Japanese Defense Minister Tomomi Inada visited war-linked Yasukuni Shrine in Tokyo Thursday, her first visit there since she became the country's top defense official in August.
Inada's move drew protests from Beijing and Seoul. In China and South Korea, the shrine is regarded as a symbol of Japan's past militarism, because Class-A World War II criminals are enshrined.
The visit by Inada, known for her conservative historic and political views, may affect Japan's security cooperation with South Korea to deal with North Korea's missile and nuclear development. Tokyo's defense exchanges with Beijing may also be affected.
Inada was the first defense minister to visit the shrine since Japan launched the Defense Ministry in January 2007 by reorganizing the Defense Agency. Gen Nakatani, who visited Yasukuni Shrine as defense head on Aug. 15, 2002, is believed to be the most recent predecessor of Inada that made such a visit.
The United States, Japan and other countries surrounding North Korea are on high alert over the nation's provocative actions, including the possibility it would conduct its sixth nuclear test, as Tuesday marked the 85th anniversary of the foundation of its Korean People's Army. (the-japan-news.com)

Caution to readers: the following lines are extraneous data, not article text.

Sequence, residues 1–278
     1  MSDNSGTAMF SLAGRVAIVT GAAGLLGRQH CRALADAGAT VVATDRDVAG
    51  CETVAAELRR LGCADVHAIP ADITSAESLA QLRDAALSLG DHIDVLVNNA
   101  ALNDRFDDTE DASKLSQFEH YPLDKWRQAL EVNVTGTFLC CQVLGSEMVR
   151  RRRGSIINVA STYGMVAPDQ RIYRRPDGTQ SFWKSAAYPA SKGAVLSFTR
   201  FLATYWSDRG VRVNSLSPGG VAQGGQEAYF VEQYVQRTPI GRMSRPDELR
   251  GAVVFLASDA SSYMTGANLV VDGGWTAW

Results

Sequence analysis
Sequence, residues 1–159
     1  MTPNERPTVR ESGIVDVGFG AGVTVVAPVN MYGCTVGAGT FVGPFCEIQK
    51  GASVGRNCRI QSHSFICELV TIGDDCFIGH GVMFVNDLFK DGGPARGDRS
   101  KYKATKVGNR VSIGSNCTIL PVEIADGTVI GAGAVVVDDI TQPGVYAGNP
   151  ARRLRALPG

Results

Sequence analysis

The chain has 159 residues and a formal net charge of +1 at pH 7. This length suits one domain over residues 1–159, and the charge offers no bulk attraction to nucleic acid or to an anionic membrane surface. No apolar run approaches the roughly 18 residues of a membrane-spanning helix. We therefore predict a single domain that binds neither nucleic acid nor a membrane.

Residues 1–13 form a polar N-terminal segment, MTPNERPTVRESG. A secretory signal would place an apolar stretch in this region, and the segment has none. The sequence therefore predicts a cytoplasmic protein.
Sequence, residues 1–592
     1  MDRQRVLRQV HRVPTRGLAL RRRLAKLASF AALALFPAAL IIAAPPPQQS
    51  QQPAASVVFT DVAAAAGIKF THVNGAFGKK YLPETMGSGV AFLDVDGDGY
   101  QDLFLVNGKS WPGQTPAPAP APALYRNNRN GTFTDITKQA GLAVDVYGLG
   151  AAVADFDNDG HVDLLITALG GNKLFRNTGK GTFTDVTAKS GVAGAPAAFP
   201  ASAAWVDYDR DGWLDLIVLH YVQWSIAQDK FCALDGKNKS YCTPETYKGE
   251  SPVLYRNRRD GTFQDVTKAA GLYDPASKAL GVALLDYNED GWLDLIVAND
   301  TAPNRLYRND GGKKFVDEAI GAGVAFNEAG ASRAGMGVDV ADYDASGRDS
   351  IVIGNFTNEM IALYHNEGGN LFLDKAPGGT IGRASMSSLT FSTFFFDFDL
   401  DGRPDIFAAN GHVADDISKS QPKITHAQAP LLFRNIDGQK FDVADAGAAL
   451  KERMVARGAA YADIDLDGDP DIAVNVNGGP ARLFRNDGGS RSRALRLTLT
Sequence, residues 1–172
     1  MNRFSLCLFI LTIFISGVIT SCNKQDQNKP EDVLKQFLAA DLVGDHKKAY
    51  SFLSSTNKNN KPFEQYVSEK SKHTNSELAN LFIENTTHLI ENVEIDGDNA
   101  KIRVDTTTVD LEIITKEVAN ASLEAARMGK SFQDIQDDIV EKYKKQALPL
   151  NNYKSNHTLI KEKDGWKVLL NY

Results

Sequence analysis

Japan's Prime Minister Shinzo Abe has decided to appoint Masayoshi Yoshino, a former State Minister of the Environment, as the new minister in charge of rebuilding areas hit by the 2011 earthquake and tsunami. (NHK)
Canadian pop singer Justin Bieber, 23, will perform at Tokyo's Ajinomoto Stadium on Sept 23 and 24. It will be Bieber's fourth concert tour in Japan and his first visit since last August. (Japan Today)
Despite the initial excitement among major financial institutions, the Bank of Japan's push for exchange-traded funds tracking companies that actively raise employee pay or invest in new equipment has run aground. (Nikkei)
Japan's growing labor shortage threatens the nation's ubiquitous convenience stores, whose business model relies on an army of part-timers packing bento lunch boxes, manning cash registers and delivering goods 24/7. (Japan Today)
The labor ministry referred advertising agency Dentsu Inc. and three officials from its offices in Nagoya, Osaka and Kyoto to prosecutors on Tuesday on suspicion of violating the Labor Standards Law by making employees work overtime beyond legal limits. (Japan Times)